As I was researching Richard Foster’s teachings on meditation a while back, in my personal copy of the 1978 edition of Celebration of Discipline, I discovered the section following below. Remember now, Dr. Packer has just told us it was because of this book that “discussing the various disciplines has become a staple element of conservative Christian in-talk in North America,” which Packer also believes is such “a happy thing.” Yes indeed, what you’re about to read sure does sound like someone who is *ahem* happy alright. Let me also note that in later editions this astral travel-lite went into a footnote and now in my 1998 edition the below section is gone completely.
People have asked, “Then why bring this up again; Foster removed it from his book.” Oops, wrong question; the correct question is: Why was this kind of foolishness ever even in his writings to begin with? Answer: Because this is all part of his spurious CCP; that’s why:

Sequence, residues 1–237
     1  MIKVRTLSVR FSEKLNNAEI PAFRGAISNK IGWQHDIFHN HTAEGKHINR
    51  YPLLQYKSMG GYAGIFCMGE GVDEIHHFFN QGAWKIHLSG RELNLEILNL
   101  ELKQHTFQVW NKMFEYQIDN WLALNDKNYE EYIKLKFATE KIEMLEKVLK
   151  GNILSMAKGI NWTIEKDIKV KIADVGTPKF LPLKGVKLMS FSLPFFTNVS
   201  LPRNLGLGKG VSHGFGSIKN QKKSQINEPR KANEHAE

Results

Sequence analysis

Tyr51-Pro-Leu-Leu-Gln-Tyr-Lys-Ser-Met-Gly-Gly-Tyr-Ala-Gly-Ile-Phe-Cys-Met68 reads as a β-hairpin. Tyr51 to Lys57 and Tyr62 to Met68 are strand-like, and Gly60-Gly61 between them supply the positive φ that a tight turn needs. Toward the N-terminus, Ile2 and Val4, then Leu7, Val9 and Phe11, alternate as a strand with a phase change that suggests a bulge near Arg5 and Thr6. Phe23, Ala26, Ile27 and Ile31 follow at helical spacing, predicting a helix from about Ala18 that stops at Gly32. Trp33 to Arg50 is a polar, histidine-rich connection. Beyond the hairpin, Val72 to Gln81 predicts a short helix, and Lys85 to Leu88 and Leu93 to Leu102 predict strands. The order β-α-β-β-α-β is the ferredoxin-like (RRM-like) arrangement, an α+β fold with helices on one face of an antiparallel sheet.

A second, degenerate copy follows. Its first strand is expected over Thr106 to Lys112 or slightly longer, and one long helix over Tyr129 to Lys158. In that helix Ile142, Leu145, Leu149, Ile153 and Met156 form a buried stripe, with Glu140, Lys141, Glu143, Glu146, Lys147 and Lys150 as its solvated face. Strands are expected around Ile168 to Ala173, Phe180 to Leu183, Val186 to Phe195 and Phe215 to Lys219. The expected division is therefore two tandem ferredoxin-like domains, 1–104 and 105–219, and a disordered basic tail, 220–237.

A fourth form of meditation has as its objective to bring you into a deep inner communion with the Father where you look at Him and He looks at you. In your imagination, picture yourself walking along a lovely forest path. Take your time, allowing the blaring noise of our modern megalopolis to be overtaken by the sound of rustling leaves and cool forest streams. After observing yourself for a bit, take the perspective of one walking, rather than the one observed. Try to feel the breeze upon your face as if it were gently blowing away all anxiety. Stop along the way to ponder the beauty of flowers and birds. When you are able to experience the scene with all your senses, the path breaks onto a lovely grassy knoll. Walk out into the lush large meadow for a time, lie down on your back staring up at blue sky and white clouds. Enjoy the sights and smells. Thank the Lord for the beauty.